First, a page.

With the 2014 NHL Entry Draft behind us and free agency opening, let’s take a look back at Minnesota’s short history and pick the ten best Wild draft picks in franchise history.
1. Marian Gaborik – 1st Round, 3rd overall, 2000
Stanley Cup champion, Marian Gaborik. Wild fans are still getting used to the sound of that, since Gaborik was maybe best known in the State of Hockey as playoff cyanide and a junkyard electromagnet for injuries. Nonetheless, the first draft pick in franchise history remains their best pick to date. He’s a veteran 890 NHL games, with 379 goals and 382 assists (regular season and playoff). He’s a three-time 40-goal scorer and he may not have hit his ceiling yet. He looked rekindled in his short run with the Kings, scored 14 goals and eight assists in 26 playoff games. With his first full season playing alongside Anze Kopitar coming up, he could have an explosive season. He’s never been on a team where he’s not “the guy.” He’s a character actor in LA and has been well cast.
2. Mikko Koivu – 1st Round, 6th overall, 2001
Despite debate over his last two postseason performances, Koivu is the clear pick for number two on this list. Minnesota’s Kaptain was the franchise’s second-ever first round pick. He’s played 630 career games — all in a Wild sweater — tallying 130 goals and 322 assists, to be the Wild’s all-time leader in points. He’s a responsible player who plays both ends of the ice and has been the glue of the team for years.
3. Brent Burns – 1st Round, 20th overall, 2003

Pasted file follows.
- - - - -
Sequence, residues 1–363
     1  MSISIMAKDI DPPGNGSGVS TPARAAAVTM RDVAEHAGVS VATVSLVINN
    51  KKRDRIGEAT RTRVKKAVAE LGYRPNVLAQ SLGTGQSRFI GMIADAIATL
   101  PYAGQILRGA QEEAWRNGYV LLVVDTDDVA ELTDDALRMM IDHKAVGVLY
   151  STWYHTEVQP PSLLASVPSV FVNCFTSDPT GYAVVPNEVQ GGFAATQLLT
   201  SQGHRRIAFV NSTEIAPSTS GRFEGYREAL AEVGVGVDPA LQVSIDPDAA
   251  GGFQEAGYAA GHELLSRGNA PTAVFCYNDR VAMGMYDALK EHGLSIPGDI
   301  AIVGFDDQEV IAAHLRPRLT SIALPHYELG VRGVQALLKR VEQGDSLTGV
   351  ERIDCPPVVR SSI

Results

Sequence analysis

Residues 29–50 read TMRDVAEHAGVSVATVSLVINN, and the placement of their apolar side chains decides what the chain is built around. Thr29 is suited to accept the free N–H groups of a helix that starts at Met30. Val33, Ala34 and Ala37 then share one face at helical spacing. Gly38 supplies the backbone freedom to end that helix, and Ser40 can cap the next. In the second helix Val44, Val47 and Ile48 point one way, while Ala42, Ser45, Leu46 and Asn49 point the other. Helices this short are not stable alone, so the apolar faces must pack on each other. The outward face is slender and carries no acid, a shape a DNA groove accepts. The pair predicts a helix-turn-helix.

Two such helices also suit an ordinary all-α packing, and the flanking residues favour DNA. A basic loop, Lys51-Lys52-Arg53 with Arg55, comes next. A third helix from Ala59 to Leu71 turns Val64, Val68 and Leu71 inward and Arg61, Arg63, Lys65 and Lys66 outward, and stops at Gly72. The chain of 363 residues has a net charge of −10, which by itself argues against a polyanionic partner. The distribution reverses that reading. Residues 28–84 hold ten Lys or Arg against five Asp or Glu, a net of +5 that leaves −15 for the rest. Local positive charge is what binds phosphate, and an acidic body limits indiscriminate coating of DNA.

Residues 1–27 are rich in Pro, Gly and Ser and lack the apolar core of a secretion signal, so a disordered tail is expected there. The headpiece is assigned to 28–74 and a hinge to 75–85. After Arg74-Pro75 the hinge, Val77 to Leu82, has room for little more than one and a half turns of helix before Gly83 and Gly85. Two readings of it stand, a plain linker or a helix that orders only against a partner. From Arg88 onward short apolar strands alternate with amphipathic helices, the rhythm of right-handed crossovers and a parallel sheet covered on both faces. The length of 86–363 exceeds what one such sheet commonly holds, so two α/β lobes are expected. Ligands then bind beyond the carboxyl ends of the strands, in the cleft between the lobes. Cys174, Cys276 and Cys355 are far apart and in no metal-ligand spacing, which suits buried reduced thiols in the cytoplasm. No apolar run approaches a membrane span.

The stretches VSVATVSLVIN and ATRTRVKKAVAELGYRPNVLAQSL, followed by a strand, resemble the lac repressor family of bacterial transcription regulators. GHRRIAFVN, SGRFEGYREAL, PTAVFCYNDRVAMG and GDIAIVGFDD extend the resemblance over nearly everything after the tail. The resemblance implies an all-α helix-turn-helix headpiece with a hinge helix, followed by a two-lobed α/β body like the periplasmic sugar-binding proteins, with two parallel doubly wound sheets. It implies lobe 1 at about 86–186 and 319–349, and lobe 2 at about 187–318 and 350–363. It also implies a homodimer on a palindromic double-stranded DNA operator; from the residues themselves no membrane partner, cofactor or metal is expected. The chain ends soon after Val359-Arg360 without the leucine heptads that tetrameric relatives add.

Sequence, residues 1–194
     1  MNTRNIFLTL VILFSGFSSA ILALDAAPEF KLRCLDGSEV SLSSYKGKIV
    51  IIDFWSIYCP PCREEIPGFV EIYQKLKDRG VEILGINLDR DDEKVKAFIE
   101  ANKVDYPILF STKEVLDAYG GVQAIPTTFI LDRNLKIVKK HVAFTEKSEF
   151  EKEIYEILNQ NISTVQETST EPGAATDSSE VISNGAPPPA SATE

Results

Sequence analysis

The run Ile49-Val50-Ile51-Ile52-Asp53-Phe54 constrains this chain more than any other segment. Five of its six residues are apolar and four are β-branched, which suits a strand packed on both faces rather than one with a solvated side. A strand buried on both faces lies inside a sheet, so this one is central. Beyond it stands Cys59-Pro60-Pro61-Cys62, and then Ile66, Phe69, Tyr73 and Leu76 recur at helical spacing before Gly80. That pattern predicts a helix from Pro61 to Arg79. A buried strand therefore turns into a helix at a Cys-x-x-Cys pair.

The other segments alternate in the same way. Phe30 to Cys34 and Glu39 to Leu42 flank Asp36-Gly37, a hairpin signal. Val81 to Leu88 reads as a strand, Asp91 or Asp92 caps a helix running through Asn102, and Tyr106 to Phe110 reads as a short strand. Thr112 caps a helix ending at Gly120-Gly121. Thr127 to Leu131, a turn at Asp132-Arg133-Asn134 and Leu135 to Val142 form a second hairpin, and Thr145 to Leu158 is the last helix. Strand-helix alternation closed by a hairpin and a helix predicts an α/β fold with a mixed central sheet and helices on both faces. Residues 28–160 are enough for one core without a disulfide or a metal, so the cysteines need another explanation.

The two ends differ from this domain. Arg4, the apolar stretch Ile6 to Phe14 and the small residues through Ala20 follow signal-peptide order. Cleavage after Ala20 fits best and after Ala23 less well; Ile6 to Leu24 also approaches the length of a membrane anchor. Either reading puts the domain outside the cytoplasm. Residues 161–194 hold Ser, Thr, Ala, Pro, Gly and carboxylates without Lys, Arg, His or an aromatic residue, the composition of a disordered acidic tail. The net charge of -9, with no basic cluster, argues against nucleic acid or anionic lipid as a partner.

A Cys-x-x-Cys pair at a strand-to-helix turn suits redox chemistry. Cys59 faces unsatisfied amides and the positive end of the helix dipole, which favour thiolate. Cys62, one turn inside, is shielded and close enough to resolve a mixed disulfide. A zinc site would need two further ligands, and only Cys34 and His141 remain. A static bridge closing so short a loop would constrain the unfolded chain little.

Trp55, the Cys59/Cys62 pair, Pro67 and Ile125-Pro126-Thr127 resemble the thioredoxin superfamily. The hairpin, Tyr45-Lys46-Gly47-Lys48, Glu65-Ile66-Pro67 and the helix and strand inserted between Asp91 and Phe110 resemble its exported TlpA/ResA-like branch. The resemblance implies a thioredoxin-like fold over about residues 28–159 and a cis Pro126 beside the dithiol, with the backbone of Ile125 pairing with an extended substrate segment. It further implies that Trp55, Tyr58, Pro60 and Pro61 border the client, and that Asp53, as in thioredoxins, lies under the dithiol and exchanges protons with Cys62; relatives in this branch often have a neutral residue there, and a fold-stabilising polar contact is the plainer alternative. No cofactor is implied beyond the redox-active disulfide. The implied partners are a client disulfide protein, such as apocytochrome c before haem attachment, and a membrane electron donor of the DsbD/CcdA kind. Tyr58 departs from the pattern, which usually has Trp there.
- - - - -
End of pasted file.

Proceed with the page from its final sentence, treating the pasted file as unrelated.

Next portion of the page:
Speaking of bittersweet feelings… Former fan favorite (and current San Jose fan favorite) Brent Burns left the team in a trade before the 2011-12 season. He still feels young — both because of his general goofiness, his hoards of pets, and the arc of his career, but he’s a veteran of 667 NHL games. He’s had an odd career, playing offense when he was younger and getting moved to defense by defensive-minded former Wild coach Jacques Lemaire. After being acquired by San Jose he spent a year on defense, a part of an injured year on defense before being move to forward where he was a revelation, then played all of last season on San Jose’s top line with (former?) captain Jumbo Joe Thornton. That’s the kind of bouncing around that you generally don’t see with a player ten seasons into their career. The bouncing isn’t over yet for Burns though. Sharks GM Doug Wilson announced after the Sharks blew a 3-0 series lead on the Kings that Burns will be moving back to defense. Few players could handle this much bouncing about and still be a successful player in all situations. Burns is a special player, even though some of his potential may be getting squandered because of his versatility.